Governor Ayodele Fayose of Ekiti State has urged the Federal Government to declare state of emergency in agriculture to boost revenue.
Fayose, who spoke while declaring open the four-day Agriculture Summit 2016, said the emergency must be in the critical sectors of the economy.
He said, “If a nation doesn’t have a change of attitude, there is nothing like diversification. Nigeria deserves leaders not rulers. We must drop the attitude to bring people down.
“Salaries are not enough to pay workers. It is sad that the state government can’t diversify again because they are financially incapacitated. State cannot fund agriculture because they are under perpetual bailout.
“The federal government should declare a state of emergency in agriculture. Not a state of emergency that you want to remove the governor. We must use the power given to us by the constitution for the people and not against the people.”
The Minister of Agriculture, Audu Ogbeh, said the government was making efforts to diversify the economy from a monolithic economy based on oil.
Ogbeh, who was represented by a Director in the ministry, Mr Kolade Oladipo, said, “A nation that cannot feed his people is a failed state. Nigeria can’t afford to be among this therefore the need to reorientate the people.”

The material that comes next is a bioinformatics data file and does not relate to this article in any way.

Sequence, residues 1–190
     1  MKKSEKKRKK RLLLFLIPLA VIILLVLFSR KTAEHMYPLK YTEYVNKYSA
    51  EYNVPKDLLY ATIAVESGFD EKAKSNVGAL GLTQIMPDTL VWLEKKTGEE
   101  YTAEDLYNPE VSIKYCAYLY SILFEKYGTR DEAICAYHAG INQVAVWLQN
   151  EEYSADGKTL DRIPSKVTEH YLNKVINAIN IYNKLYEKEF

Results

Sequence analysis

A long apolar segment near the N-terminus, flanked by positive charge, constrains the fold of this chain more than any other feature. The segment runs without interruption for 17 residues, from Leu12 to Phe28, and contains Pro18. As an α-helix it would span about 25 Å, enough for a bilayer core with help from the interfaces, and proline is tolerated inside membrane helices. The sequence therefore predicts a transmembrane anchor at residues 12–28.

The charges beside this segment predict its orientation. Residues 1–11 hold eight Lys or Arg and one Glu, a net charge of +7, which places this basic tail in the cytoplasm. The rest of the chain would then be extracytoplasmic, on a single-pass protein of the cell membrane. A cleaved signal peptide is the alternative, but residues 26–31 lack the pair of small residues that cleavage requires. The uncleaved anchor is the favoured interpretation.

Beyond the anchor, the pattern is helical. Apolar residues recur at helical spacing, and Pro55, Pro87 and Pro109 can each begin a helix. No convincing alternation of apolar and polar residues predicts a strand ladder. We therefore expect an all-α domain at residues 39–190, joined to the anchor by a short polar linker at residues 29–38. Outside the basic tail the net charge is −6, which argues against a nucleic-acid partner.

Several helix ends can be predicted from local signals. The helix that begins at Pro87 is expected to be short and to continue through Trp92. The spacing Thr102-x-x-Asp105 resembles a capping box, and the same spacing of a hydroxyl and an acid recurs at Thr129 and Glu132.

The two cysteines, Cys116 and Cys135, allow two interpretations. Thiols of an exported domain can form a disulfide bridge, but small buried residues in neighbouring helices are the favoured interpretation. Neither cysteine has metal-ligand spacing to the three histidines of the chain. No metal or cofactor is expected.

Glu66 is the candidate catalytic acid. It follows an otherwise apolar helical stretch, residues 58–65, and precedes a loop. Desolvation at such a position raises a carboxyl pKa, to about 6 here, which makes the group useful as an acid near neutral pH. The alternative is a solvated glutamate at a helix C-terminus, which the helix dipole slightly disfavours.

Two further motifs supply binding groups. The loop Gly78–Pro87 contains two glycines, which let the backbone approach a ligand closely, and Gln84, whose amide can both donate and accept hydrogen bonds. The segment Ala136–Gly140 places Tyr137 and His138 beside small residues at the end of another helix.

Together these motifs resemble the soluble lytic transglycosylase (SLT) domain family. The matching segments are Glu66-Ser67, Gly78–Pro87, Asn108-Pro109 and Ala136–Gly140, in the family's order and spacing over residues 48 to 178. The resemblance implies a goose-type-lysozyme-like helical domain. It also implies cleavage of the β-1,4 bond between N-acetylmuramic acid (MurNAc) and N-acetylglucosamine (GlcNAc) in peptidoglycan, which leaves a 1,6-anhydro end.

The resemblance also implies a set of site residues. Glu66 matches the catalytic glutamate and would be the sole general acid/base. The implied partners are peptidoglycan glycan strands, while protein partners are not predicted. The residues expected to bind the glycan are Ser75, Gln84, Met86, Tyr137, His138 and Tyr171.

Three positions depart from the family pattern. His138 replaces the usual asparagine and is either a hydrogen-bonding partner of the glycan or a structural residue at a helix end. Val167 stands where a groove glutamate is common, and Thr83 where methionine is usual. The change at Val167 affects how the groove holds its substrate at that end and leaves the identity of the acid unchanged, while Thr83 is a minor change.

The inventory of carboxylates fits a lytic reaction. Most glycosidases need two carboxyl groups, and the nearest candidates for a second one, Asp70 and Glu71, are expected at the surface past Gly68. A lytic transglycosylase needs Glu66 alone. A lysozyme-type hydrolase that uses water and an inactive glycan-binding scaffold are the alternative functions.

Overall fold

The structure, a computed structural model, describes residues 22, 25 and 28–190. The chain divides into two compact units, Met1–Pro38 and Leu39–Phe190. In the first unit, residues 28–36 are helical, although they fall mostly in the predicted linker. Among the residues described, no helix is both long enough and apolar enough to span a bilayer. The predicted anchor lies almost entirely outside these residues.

In his keynote address, the founder of Afe Babalola University, Ado Ekiti, Afe Babalola (SAN), called for agricultural revolution that will bring about political and economic stability.
“The old system of using the hoe and cutlass for farming is most detestable. Politics is now seen as more lucrative than any other decent jobs in Nigeria. Hence people prefer it to farming.
“The banks have not made business venture easy in the Nigeria with interest rate of over 20 per cent. Bank interest rate on loans have hit the roof to a point beyond which no investor can venture into agriculture with bank loan and end up with any profit at the end of the day.
“To cap the problems of agriculture confronting the nation is the absence of storage facilities for perishable agricultural products.”
Babalola advocated that agricultural science should be taught as a compulsory subject in elementary and secondary schools.
He also suggested that students taking agriculture course should be given 50 per cent reduction in tuition as done in ABUAD.
“Families must be encouraged to come together and combine their lands to generate a large scale industrial farming,” he added.
The summit has “Rebirth of sustainable agriculture: exploring new investment frontiers in wealth creation” as its theme.